The use of ESA is common in people receiving hemodialysis for CKD. The introduction of ESA has dramatically decreased, but not eliminated, the administration of blood transfusions in this population.5 In more recent years, ESAs have been investigated in treatment of AKI. Although critical illness blunts the responsiveness to endogenous erythropoietin, these patients remain responsive to exogenous ESA.27, 28, 29 Additionally, ESAs has anti‐apoptotic effects and have shown renoprotective effects in some, but not all studies.28, 30, 31 Darbepoetin was used almost exclusively from mid‐2004, and the use of ESA has increased. We were unable to demonstrate that cats and dogs receiving ESA were less likely to be transfused. Our criteria for administering an ESA were not standardized. It is probable that multiple prior transfusions influenced the decision to start ESA use in cats. Starting ESA earlier in the course of dialysis might decrease transfusion requirements.
There was no difference in survival in transfused cats (46%) compared to nontransfused cats (64%) in the cats with AKI or acute on chronic disease, but few cats in the study did not receive a transfusion. Retrospective studies in transfused cats with various disease processes have reported 59‐64% survival.16, 17, 32, 33 Transfused dogs were 3 times more likely to die. The survival rate of 23% in this transfused group is much lower than reported survival to discharge from the hospital of 47–61% in transfused dogs with a variety of disease processes.34, 35 Liberal transfusion may increase mortality compared to restrictive transfusion strategies.36 Although numerous studies have found higher mortality rates in people receiving more transfusions, a recent review found that while restrictive transfusion strategies reduce in‐hospital deaths, they do not reduce 30‐day death in people.37 An alternative explanation is that this association is not a causal relationship and that dogs that need a transfusion have more severe disease or are less responsive to ESA administration. While transfusion appears to be an integral part of dialytic therapy in cats, the need for transfusion in a dog indicates a worse prognosis.
There was an independent association of the number of dialysis treatments with the likelihood of transfusion in cats, in that each dialysis treatment doubled the chance a cat would receive a transfusion. This association was not present in dogs. The greater the number of treatments administered, more cumulative blood loss in the extracorporeal circuit is expected, leading to an increase in transfusion requirements in cats. Larger dogs would be more likely to tolerate multiple episodes of blood loss associated with multiple treatments without requiring a transfusion.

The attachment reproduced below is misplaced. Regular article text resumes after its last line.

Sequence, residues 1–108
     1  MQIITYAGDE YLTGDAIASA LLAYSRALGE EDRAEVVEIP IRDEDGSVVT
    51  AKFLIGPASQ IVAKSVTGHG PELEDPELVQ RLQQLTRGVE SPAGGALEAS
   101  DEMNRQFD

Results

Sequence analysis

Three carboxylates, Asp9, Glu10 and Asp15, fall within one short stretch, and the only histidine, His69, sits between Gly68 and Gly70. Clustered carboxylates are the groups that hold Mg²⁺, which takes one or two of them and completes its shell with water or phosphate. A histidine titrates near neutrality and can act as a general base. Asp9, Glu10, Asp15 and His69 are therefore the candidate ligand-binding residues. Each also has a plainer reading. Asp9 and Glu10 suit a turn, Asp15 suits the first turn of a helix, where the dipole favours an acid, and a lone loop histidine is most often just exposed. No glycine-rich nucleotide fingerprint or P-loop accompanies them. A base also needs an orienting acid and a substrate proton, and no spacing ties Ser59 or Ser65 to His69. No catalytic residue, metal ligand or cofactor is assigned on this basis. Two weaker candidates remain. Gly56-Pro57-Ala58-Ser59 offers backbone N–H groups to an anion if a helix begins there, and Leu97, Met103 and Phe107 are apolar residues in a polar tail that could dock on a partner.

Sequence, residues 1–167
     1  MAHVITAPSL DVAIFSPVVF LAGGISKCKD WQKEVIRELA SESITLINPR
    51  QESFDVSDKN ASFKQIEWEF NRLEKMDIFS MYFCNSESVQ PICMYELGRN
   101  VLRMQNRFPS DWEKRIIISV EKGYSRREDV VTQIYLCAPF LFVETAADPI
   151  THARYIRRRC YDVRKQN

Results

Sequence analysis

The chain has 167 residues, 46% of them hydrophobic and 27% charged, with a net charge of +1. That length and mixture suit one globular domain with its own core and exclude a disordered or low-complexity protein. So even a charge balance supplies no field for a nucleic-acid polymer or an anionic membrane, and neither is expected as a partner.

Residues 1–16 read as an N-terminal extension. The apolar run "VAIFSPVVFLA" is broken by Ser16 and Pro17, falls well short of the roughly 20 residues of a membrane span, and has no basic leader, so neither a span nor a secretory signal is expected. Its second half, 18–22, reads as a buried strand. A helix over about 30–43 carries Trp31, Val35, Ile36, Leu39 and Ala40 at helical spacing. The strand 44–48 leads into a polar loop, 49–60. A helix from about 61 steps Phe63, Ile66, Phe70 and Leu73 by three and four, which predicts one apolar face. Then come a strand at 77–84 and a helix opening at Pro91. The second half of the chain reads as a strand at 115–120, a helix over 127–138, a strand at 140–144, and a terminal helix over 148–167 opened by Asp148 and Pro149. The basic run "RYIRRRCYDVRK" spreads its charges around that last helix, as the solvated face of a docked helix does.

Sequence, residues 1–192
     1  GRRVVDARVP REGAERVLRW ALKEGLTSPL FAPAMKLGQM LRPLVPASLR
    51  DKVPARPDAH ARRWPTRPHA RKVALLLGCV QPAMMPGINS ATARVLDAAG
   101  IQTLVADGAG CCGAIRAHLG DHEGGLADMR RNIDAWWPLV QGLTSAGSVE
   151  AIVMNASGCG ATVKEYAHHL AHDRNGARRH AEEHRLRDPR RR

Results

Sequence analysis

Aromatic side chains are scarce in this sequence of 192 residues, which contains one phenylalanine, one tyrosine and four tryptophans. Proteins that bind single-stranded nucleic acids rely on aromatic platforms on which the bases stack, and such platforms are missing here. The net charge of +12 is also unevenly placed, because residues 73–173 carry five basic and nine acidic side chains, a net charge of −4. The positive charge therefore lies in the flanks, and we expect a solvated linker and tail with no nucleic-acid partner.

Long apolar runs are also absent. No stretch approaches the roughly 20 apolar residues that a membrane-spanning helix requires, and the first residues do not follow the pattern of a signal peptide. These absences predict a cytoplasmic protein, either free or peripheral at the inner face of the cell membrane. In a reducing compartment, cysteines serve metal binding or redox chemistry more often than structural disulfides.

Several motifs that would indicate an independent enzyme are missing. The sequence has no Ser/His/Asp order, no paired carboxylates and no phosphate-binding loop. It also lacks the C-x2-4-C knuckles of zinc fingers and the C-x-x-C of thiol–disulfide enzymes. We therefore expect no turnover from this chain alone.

A major limitation is the retrospective nature of the study. Oftentimes, the contribution of blood loss via gastrointestinal hemorrhage or other sources of bleeding was speculative. A necropsy was not performed on all cases. Furthermore, the volume of blood product transfused on a mL/kg basis can be altered by the volume status of the patient. Hemodialysis patients often present with clinically significant volume overload, and although dialysis can remove excess fluid by the process of ultrafiltration, hemodynamic instability in the patients may necessitate a slow removal process as several dialysis treatments performed over several days. The risk of exacerbating volume overload is always balanced against the need for oxygen carrying capacity, and might have limited the amount of blood products used in an individual cat or dog in the early stages of dialysis therapy. Another limitation is that the transfusion practices of our unit might not represent transfusion practices in other practices.
Dogs and cats undergoing hemodialysis often require administration of a blood product. In this population, over 50% required a blood production of some type. The need for transfusion might be directly related to hemodialysis or the underlying disease process but is most often multifactorial. Veterinary hospitals with a hemodialysis unit should have reliable and rapid access to safe blood products in order to meet the needs of the dialysis patients. Further study is warranted to determine whether administration of erythropoiesis‐stimulating agents make a substantial impact on blood product administration in this population.
Conflict of Interest Declaration: Authors declare no conflict of interest.
Off‐label Antimicrobial Declaration: Authors declare no off‐label use of antimicrobials.
The work for this study was performed at The Animal Medical Center, New York, NY.
This study was not supported by any grants nor was it presented at any meetings.
1Oxyglobin, OPK Biotech, Cambridge, MA
2Epogen, Amgen, Thousand Oaks, CA
3Procrit, Centocor Ortho Biotech Products, Horsham, PA
4Aranesp, Amgen, Thousand Oaks, CA